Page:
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Judaism Between Sensualism, Imagination, And Reason: The Jewish Philosophy Of Religion Of Solomon Maimon

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Chapter Summary

Solomon Maimon had the opportunity to address Kant's critique of Judaism after he had already succeeded in establishing his position as an independent philosopher. The tradition-based continuity that we find in Maimon's philosophical and religious thought finds its counterpart in the fact that the solution that he proposed to the central problem of Kantian epistemology is based on Maimonides' epistemology. Maimonides' approach in this area was based on the absolute distinction between finite human reason and the infinite reason of God. By proceeding from this assumption, Maimon was able to reassess also some elements that appeared valid to him in the doctrines of Leibnitz and Mendelssohn. This chapter focuses on this issue, which is the central axis of Maimon's philosophy. The focus is restricted to the connection of Maimon's post-Kantian philosophy to the legacy of religious Jewish thought by way of its central connecting link - Maimonidean thought.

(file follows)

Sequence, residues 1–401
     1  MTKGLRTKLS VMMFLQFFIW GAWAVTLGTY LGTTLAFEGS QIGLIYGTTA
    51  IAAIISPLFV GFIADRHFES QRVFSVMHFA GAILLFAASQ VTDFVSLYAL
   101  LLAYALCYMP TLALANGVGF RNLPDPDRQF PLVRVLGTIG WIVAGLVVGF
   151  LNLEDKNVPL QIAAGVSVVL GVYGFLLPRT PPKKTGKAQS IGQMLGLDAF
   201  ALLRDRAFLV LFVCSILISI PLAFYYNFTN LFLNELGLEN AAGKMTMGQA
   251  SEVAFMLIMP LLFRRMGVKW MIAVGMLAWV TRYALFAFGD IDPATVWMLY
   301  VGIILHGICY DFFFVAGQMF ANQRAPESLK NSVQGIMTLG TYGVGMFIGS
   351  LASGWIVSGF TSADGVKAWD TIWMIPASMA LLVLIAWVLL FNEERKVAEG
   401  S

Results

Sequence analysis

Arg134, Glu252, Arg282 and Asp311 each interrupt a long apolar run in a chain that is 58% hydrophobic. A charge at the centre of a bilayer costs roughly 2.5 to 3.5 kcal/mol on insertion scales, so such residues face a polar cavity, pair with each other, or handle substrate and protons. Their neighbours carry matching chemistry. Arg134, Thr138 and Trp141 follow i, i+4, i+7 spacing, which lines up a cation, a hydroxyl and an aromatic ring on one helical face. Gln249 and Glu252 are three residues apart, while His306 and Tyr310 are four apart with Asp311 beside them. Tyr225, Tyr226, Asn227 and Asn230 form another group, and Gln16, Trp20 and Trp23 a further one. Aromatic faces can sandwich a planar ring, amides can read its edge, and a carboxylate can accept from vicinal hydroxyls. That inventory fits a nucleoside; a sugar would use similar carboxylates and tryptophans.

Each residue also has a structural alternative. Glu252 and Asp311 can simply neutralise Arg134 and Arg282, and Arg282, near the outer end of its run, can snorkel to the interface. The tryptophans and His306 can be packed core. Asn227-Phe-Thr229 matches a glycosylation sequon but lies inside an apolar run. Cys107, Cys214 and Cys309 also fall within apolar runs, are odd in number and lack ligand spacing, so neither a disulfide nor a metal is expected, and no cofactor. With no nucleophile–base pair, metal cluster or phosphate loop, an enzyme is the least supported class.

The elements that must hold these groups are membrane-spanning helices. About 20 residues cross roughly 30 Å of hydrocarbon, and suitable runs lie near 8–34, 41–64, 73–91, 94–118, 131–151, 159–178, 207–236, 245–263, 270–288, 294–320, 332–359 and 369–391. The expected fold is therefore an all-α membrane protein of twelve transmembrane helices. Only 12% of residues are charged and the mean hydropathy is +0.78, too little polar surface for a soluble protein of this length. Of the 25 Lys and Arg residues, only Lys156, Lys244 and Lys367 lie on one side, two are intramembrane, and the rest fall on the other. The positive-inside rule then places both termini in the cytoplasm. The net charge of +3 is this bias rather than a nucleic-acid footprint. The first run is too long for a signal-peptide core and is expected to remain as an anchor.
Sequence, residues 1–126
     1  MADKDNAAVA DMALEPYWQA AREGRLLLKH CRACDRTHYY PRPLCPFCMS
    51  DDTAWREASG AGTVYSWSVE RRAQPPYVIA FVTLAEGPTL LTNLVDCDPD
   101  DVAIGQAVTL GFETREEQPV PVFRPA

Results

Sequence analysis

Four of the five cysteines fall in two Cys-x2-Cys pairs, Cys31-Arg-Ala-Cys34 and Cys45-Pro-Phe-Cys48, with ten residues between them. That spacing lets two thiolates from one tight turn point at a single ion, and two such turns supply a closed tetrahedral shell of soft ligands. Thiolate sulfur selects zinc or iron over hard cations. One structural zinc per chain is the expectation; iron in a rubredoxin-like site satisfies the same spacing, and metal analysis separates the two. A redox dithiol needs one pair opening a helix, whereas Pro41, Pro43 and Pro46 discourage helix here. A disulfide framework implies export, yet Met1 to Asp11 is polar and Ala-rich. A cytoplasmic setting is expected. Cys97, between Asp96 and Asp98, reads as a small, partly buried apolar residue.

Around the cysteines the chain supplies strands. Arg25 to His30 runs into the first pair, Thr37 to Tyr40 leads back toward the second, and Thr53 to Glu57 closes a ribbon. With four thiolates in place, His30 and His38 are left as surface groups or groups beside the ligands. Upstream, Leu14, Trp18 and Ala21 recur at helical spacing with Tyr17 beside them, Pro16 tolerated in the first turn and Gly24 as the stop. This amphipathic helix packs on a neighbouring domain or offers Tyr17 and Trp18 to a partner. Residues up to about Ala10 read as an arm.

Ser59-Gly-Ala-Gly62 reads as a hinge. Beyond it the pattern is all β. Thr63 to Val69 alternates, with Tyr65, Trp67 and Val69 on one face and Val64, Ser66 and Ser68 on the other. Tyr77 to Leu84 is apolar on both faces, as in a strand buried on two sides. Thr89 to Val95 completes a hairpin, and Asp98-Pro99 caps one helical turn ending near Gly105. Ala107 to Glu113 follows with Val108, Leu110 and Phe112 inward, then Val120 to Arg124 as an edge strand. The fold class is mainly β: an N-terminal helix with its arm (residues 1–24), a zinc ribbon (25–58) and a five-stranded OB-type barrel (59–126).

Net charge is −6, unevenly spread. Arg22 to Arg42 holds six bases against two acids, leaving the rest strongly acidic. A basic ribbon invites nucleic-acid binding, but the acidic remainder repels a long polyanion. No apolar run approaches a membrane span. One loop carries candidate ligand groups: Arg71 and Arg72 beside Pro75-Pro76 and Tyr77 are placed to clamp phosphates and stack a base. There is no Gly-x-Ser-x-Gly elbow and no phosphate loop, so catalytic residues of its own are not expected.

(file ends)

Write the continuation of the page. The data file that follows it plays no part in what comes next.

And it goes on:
Keywords: Judaism; Kant; Kantian epistemology; Maimon's philosophy; Maimonides' epistemology; Solomon Maimon; tradition-based continuity



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